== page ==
This part includes the following segments: Protocols used by a server to establish secure connection; available Cipher Suites, from which a browser or client software can select at the moment of session setup; SSL Handshake Simulation which shows how the connection would occur with different software and which protocol version, ciphers, and encryption level would be used; Miscellaneous, which includes general information; and one of the most important blocks – Protocol Details, in which we can see security flaws that should be fixed on server side.
There are five available protocol versions for SSL connection: SSL 2, SSL 3, TLS 1.0, TLS 1.1, and TLS 1.2. Currently, TLS 1.2 is the latest version and is considered the most secure Transport Layer Security (TLS) protocol, allowing client/server applications to communicate in a way that is designed to prevent eavesdropping, tampering or message forgery. [RFC 5246].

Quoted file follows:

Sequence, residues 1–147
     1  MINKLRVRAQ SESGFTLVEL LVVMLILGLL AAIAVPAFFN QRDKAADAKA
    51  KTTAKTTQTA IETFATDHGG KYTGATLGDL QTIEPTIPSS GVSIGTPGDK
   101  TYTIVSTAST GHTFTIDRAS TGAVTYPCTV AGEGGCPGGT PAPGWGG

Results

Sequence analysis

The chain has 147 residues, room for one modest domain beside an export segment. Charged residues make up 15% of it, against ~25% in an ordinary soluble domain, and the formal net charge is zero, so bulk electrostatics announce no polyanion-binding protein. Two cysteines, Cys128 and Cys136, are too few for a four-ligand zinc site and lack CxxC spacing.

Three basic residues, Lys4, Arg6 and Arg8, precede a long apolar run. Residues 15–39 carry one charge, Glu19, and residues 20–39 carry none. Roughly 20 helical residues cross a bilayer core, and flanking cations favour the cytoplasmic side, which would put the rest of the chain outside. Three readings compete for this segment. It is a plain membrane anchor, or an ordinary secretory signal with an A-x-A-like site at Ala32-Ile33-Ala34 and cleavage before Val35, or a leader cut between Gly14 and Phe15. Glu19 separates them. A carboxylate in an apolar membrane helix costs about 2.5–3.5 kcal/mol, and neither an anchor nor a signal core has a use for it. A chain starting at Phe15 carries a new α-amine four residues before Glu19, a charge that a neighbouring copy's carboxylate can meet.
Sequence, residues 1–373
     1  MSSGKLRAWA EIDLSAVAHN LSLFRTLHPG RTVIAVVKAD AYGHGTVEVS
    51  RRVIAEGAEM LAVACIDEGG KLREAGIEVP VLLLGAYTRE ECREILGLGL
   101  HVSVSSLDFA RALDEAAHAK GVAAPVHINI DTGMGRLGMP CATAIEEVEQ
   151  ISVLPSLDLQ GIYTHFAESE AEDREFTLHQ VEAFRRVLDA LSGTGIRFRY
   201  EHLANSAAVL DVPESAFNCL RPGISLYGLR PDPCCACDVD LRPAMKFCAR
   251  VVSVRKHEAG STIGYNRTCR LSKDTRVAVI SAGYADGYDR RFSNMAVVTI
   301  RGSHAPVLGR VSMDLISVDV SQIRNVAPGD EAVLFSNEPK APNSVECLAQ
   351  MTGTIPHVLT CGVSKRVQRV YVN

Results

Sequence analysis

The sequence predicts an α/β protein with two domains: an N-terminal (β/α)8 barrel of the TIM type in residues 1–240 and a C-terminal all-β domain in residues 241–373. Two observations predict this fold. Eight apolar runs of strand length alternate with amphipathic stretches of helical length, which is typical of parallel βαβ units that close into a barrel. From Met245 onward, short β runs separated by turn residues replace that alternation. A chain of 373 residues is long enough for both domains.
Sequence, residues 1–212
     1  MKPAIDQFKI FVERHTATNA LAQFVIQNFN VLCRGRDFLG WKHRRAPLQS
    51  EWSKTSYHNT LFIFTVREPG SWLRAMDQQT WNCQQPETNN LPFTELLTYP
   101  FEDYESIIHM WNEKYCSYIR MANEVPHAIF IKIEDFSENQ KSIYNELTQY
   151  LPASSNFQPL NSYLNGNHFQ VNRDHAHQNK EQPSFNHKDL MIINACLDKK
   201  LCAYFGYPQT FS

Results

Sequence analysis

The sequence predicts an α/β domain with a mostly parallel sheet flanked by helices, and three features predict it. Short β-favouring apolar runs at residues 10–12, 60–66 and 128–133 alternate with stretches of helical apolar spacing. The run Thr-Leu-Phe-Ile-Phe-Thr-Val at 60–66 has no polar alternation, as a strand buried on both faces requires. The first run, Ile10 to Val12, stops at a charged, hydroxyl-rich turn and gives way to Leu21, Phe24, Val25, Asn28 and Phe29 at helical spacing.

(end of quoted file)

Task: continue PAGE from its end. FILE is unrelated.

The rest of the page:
SSLLabs highlights TLS 1.2 with green:
Namecheap shared hosting accounts are configured to accept all connections using TLS versions only. It is better to have all TLS versions enabled in order to prevent compatibility issues with legacy software/apps. Enabling SSLv3 will allow customers with IE 6 to visit your website over HTTPS but will make a server vulnerable to POODLE attack.
Cipher suites are displayed in server-preferred order from the strongest to weakest that are available in client-server secure interaction. Let’s take a look what these strings consist of:
Namecheap offers our customers only strong cipher suites with all our fully-managed servers. Below is the example of the cipher suite for shared and reseller hosting plans:
Customers with self-managed VPS and dedicated servers should manage cipher suites themselves.
SSL handshake simulation is being carried out successfully with most client software except for clients which do not support Server Name Indication (SNI). Since all Namecheap servers have SNI enabled by default, SSL connection with Android 2.3.7, Internet Explorer 6 and 8 on Windows XP, and Java 6u45 will fail unless the user ordered a dedicated IP address.